Adrian Hill (1895-1977) was an artist and author who recognized and promoted the value of art as a tool for healing, and established principles that we can use today in times of the Covid pandemic. Born in London, he entered art school at the age of 17 shortly before the outbreak of the First World War. While serving in France, his talent was recognized and led to a commission by the Imperial War Museum to produce authentic depictions of the Western Front, which resulted in 180 drawings which can now be viewed on the museum’s on-line gallery.
After the war he continued his art education and became a prolific author, with numerous books that taught and encouraged the creation of art. He presented a wide range of media for drawing and painting, with subjects that included the stately English countryside and accurate depiction of nature. He even had his own TV show teaching art, but he is most remembered for recognizing the therapeutic value of art and starting the field of art therapy.
In 1938 Adrian contracted pulmonary tuberculosis. In the pre-antibiotic era, this disease was treated with fresh air, surgery, and prolonged bed rest with confinement in a sanatorium. After months of recovery he began to draw again and found an antidote to the long hours of emptiness and boredom: “While lazily composing my drawing, the hands of my wrist-watch began to move again…”
While convalescing he began using art to help his fellow sanitorium patients, recording his experiences in books, presenting his patients’ art in exhibitions and lectures, and coining the phrase “art therapy.” Adrian Hill is now recognized as founder of the field that uses art as therapeutically for a variety of human ills. According to the American Art Therapy Association, art therapy can foster healing and well-being, exploring emotions while developing self-awareness and coping with stress.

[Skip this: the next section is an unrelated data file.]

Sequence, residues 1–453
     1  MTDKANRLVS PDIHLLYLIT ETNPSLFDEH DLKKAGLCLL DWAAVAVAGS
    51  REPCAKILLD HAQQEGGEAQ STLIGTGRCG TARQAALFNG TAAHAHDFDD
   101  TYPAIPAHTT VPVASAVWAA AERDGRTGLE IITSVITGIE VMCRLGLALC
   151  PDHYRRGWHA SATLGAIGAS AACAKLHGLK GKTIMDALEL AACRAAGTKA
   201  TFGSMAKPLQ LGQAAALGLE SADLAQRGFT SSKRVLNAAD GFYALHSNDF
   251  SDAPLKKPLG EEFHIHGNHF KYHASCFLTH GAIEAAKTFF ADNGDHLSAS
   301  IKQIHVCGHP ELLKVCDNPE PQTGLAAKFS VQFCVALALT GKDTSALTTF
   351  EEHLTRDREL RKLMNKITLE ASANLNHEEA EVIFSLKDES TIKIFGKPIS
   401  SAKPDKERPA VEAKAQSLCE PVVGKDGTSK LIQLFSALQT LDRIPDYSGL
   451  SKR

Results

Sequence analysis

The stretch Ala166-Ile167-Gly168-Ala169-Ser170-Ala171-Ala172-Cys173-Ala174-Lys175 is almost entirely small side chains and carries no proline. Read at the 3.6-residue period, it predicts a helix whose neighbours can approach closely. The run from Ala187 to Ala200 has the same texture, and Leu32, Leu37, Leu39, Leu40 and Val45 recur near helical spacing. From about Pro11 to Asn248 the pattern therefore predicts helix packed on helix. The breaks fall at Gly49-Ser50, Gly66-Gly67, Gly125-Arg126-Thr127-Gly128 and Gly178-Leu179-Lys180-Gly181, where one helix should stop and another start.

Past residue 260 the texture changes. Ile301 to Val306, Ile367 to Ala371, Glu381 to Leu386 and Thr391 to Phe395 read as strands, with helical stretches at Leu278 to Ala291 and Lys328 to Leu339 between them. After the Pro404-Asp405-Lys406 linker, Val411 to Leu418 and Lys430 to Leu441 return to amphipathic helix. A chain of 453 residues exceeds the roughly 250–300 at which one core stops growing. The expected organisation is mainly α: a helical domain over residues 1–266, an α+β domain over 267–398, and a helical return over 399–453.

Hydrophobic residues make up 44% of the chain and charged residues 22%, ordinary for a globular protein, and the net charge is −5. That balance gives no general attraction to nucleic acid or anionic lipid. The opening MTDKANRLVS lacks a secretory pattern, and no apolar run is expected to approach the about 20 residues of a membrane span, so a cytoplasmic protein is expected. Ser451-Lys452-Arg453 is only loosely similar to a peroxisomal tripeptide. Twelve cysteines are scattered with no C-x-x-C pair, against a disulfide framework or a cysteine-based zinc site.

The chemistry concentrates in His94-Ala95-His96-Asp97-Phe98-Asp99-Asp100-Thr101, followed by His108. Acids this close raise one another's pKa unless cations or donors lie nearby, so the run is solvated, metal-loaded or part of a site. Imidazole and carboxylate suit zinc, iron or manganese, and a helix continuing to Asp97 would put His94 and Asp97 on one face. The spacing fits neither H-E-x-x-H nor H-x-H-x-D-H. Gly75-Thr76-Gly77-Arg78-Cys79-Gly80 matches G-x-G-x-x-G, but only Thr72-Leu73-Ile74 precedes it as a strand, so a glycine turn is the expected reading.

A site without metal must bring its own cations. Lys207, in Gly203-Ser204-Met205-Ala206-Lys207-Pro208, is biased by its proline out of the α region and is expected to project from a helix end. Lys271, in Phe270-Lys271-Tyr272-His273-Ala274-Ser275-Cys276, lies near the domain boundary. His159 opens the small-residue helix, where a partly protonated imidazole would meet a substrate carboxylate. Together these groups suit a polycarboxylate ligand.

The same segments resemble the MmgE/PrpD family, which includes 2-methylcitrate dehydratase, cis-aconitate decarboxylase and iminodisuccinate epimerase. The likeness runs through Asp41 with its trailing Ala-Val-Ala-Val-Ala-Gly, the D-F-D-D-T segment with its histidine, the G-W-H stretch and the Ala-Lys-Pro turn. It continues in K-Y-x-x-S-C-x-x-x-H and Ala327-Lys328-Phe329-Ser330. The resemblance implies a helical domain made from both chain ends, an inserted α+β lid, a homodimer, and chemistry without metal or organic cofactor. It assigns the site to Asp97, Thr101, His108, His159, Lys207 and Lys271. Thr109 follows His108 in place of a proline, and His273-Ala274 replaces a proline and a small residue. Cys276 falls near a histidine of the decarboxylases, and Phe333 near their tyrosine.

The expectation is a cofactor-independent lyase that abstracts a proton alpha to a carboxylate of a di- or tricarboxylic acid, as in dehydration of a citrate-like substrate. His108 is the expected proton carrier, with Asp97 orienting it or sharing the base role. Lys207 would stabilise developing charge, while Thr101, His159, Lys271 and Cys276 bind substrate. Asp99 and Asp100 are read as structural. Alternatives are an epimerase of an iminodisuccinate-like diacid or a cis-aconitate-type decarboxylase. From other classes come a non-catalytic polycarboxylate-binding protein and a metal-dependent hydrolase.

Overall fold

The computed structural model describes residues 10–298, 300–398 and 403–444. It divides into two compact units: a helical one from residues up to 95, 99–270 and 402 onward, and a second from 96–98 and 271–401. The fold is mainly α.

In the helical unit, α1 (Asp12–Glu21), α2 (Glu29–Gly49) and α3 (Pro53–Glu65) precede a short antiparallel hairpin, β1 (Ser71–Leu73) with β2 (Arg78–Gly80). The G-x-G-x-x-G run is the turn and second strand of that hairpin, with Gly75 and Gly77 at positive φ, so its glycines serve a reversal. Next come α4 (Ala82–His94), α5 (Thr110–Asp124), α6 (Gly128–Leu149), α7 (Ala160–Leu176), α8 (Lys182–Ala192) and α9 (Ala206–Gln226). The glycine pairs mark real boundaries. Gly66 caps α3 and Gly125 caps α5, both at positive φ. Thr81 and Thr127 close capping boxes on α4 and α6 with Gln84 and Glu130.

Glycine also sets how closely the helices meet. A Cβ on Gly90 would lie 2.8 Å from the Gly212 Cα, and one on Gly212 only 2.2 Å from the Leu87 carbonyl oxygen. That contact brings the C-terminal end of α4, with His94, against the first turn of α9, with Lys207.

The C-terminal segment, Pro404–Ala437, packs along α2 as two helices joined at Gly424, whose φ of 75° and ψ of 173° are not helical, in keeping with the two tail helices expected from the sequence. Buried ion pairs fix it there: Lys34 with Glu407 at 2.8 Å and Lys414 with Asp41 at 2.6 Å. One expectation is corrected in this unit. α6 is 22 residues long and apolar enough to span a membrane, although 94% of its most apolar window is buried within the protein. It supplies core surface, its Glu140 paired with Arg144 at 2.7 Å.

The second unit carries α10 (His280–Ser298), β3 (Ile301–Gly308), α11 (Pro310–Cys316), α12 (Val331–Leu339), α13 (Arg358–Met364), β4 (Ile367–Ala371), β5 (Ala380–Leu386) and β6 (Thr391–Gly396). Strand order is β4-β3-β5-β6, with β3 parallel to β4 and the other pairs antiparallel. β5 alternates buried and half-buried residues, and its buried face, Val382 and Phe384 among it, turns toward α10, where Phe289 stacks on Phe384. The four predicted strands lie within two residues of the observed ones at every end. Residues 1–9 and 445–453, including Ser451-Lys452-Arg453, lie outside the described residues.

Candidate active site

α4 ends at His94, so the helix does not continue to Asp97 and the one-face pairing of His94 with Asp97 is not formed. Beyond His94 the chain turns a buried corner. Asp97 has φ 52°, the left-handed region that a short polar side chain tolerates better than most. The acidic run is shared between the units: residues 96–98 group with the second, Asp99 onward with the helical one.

The explosive growth of the Urban Sketching movement attests to the universal value of art by developing an international language using pens, brushes, and sketchbooks. Although the Urban Sketching mission statement does not incorporate terminology of healing and therapeutics, the creation of a supportive network of people who benefit from creativity is exactly what was intended by Adrian Hill.
In times of the Covid pandemic, with added stress and isolation in the lives of many, there has never been more need for the therapeutic aspects of art and creativity. Across the world, art classes, workshops and sketch groups have been disrupted. Thankfully, the internet has offered continued opportunities to network, communicate, and learn. For those who use art to cope and heal from trauma and inner scars, the spirit of Adrian Hill will live on.
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My Art Library: Sketching Before Urban Sketchers
The Ticket That Got Me Through Medical School
Sketching the Subway and the Disappearance of Time
The Corpus Callosum, Buddha’s Enlightenment, and the Neurologic Basis for Creativity
Rediscovering my Art Supplies in the Arizona Desert
Thanks for the note Bill! Glad u joined Urban Sketchers, and hopefully we can sketch together some time.
Thanks Jeffry for an excellent post. I retired 15 years ago and soon found out that you have to reinvent yourself to avoid ennui. My two passions are literature and sketching. I am a member of Urban Sketchers Chicago. During other times we always went to NYC in Oct. I miss sketching in Central Park. Is there a site where I can download lots of Park photos for reference to sketch?
Thanks Bill Fagan. Stay safe.